Starry night — The Magic of Second Life

There’s a misconception in the department where I work that I spend all my time “playing” Second Life and that my PhD is dedicated to SL alone. This is far from the truth, and Second Life is but one instance of how virtuality might have a profound effect on the quality of our lives, which is the subject of my thesis. I tend to especially emphasize this point whenever talking to someone who know very little about what Second Life is and its possibilities and limitations. Second Life has unfortunately gotten the stigma that it’s either just another computer game, or that its primarily inhabited by perverts and leaches, verificationist researchers, and sensationalist journalists (not sure which one of those is worst). What people tend to overlook – or never allow themselves to discover — is that Second Life is ultimately about creativity. Those who stay in SL do it because of the creativity, those who make money do it because of creativity — good researchers and journalists look for the creativity! This tends to drown in all the negative headlines. Just as you are about to give up and let Second Life become a sleazy hobby you don’t tell anyone about, along comes the true geniuses of Second Life; those who make it a fantastic place; those who understand what it’s all about; those who remind you that it’s not about the age play, camping chairs or meatspace opportunism after all. Along come the true SL’ers like Robbie Dingo. Robbie has recreated Vincent van Gogh’s masterpiece “Starry night” in Second Life. As if this testament to the creativity of SL wasn’t enough, the marvellous feat has been documented in a machinima that left me speechless. If you go to Robbie’s blog, you can watch the video. I highly recommend the high-resolution version, but in this virtual age of instant click-satisfaction, the youtube version does some justice to the masterpiece as well:

6 thoughts on “Starry night — The Magic of Second Life”

  1. Totally amazing Johnny, thanks.

    Don McCleans music to it also – had to hold back the tears…

    OK, back to this paper otherwise Katinka will be screaming at me down the email channel by tomorrow.

    By the way, I am trying to put together an abstract for the Delft Conference – a chance I might get to Europe again mid next year.

    All the best for xmas and new year Johnny.

    Cheers
    Steve McKinlay

  2. Thanks Steve. As for the Delft conference, it overlaps with the ECAP conference (respectively June 18-20 and June 16-18) so I’m afraid I’ll have to give priority to ECAP… but I might swing by Delft on the 19th and/or 20th.

    Good luck with the paper, and merry Christmas and new year to you as well.

  3. speaking of quality of life and new media, i wonder whether you guys link this stuff up to aristotle (you probably do): according to Aristotle, partecipation in public life is essential for the virtous life. But obviously representative democracy gets in the way. But with new media, the aristotelian ideal is no longer unreasonable (or less so anyway…)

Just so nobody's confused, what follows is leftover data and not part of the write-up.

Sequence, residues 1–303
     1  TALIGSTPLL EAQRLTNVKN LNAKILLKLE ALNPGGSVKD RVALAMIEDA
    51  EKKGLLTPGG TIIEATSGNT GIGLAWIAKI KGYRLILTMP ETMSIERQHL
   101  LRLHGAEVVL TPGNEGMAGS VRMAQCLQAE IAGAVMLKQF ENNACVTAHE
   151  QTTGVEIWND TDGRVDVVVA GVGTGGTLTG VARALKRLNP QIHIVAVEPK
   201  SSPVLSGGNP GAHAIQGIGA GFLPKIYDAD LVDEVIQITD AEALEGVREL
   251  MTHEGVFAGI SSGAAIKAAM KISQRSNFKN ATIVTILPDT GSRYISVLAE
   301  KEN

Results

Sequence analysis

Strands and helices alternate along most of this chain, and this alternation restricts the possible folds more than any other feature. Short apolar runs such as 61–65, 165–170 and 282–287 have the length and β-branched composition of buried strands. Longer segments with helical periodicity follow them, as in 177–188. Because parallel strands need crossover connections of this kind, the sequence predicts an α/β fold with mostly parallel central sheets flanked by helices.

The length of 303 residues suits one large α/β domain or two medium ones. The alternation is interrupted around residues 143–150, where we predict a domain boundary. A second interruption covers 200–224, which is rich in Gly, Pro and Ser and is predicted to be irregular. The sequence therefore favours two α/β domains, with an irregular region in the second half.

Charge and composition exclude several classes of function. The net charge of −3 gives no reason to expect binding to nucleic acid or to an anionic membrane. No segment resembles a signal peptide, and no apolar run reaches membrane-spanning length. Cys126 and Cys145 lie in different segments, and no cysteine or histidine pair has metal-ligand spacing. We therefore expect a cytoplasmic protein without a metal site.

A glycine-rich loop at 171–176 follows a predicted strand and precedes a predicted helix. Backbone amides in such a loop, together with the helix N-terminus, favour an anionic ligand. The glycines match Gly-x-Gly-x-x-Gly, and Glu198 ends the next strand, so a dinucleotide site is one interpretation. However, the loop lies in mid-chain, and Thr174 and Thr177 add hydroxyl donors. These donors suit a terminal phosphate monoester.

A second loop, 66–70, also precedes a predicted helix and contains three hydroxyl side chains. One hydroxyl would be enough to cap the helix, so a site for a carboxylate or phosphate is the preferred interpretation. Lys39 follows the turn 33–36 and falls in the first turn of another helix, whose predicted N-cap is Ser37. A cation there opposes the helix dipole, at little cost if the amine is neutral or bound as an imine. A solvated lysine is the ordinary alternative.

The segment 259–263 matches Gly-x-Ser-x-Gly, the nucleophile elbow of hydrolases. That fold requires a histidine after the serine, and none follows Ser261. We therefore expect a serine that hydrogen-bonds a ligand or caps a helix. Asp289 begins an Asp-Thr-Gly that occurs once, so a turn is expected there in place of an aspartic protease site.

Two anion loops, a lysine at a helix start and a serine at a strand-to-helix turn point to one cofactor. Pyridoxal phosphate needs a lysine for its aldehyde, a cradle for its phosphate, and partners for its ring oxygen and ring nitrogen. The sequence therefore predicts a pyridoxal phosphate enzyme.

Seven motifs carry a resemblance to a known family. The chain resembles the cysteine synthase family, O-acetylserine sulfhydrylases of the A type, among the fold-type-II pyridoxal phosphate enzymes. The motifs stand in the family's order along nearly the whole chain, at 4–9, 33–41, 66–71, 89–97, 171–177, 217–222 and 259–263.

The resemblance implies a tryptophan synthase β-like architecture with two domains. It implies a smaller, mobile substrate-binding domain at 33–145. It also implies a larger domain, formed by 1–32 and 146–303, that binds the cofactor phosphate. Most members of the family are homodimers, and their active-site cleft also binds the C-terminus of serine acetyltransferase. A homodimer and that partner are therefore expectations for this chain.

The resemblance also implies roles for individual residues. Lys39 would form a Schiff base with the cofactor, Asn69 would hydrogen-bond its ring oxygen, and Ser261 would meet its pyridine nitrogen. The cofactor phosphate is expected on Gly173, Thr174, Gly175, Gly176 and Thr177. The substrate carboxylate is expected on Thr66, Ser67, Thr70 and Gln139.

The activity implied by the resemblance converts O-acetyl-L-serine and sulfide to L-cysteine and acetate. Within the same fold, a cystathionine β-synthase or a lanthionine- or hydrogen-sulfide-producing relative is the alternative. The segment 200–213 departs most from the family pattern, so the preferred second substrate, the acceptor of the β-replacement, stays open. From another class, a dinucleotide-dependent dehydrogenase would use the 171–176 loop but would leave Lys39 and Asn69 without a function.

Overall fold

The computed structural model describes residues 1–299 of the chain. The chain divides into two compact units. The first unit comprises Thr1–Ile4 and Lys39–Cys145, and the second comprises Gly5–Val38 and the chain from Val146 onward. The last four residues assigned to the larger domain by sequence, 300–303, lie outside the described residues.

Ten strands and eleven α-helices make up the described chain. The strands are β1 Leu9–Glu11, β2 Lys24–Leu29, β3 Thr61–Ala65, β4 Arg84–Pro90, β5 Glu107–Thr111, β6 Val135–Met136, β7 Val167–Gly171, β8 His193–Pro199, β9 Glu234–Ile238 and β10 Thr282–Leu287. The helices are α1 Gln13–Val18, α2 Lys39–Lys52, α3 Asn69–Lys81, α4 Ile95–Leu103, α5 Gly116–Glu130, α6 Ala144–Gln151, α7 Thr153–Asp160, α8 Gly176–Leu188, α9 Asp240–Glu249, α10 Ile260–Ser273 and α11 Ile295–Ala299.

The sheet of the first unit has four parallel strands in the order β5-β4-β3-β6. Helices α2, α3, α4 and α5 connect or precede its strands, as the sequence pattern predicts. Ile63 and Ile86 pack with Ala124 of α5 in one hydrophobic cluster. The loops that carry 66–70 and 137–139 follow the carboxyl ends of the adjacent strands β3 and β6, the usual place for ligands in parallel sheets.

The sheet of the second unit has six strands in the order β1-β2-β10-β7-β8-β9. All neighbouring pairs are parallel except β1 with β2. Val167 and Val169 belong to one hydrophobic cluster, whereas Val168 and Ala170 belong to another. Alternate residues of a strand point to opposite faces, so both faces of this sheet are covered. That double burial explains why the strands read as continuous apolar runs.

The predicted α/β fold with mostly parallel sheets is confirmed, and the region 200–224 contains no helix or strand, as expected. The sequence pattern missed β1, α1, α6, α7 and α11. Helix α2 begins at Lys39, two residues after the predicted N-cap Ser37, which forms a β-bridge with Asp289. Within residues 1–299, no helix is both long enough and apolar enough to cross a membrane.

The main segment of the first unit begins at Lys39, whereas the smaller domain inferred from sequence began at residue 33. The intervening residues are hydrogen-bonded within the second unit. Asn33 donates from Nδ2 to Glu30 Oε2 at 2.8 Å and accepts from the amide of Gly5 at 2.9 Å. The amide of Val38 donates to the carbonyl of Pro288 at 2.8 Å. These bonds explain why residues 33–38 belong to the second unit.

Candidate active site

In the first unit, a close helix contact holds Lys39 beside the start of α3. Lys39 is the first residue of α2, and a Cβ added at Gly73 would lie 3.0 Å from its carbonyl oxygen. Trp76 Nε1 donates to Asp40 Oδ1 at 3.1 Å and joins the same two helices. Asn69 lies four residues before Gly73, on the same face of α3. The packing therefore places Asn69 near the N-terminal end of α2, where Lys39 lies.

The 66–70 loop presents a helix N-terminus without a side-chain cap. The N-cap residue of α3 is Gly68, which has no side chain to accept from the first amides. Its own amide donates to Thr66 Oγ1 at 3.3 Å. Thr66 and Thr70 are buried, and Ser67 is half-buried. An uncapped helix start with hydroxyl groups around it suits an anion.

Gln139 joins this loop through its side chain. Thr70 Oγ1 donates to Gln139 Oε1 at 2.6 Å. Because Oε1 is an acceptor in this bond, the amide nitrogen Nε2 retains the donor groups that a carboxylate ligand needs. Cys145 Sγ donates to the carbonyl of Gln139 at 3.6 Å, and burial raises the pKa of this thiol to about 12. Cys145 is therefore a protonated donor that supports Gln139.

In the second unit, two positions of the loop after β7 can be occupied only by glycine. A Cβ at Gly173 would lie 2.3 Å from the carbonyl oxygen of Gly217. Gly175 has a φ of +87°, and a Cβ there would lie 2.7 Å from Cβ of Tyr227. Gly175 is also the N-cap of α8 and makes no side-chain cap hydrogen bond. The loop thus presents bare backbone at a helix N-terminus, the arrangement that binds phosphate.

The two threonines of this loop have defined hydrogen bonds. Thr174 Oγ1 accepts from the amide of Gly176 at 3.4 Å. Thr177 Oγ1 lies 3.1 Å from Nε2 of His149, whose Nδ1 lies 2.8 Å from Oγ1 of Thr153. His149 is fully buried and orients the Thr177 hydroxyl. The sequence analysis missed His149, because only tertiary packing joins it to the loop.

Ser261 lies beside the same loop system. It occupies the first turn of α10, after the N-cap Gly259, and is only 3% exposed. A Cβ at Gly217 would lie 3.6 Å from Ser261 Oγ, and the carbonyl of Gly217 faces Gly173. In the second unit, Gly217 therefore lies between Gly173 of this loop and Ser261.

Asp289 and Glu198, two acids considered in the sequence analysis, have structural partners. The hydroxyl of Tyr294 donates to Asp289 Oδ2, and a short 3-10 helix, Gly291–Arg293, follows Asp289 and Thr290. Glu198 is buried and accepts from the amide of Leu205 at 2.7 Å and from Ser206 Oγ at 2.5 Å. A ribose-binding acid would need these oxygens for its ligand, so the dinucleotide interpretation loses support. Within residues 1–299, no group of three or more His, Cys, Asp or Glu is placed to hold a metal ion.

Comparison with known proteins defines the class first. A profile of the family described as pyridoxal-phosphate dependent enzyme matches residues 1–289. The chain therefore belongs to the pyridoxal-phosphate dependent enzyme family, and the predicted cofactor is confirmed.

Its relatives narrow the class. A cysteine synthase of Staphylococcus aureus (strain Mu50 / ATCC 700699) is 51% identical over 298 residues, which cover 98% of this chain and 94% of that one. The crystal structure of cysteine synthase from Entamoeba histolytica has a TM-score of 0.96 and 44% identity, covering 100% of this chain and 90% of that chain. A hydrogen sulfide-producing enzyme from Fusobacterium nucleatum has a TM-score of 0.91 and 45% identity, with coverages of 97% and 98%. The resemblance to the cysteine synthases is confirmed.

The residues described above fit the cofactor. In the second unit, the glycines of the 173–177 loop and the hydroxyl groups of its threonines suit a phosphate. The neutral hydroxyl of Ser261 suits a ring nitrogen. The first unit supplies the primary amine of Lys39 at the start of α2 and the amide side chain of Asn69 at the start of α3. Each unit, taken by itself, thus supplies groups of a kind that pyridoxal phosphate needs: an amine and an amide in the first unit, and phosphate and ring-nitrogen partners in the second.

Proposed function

4. Thanks for your comment, Nullo. Yes, Aristotle certainly looms large in our project. Unfortunately, Aristotle is often used against new media in the sense that participation in virtual public life is somehow seen as less worthy than real participation. Unfortunately, I think this kind of argument lies behind many claims to the effect that virtual worlds leads to anti-social behaviour. I agree that Aristotle works better without representative democracy and can be better appreciated from the viewpoint of deliberative democracy … which is also the reason why I’m skeptical of people arguing that new media can be a tool for direct/representative democracy.

    Best,
    Johnny

  5. I wouldn’t want to argue that new media can bring about direct democracy; it’s too bold a claim, you’re right, and probably false too (even though I definitely think it’s interesting from the point of view of political participation)

    What I was interested in was the individual level: as in, whatever the effect of new media on society and the political system, it might enable an individual to live up to the high standards set by Aristotle.

    It’s true that, generalizing that to humanity (or just to a specific society) then you get something like the bold claim of which above. but the generalization is not necessary and probably not very wise – even though it might not be too bad as a moral principle

  6. Nullo,

    I absolutely agree. I recently wrote a paper about how virtual frameworks might (finally) bring about the uncensored Interent so many scholars have been talking about. If you’re interested, you can find it in the Information Society 24(1).
    I’d love to discuss these things more, either in these comments or feel free to contact me by email.

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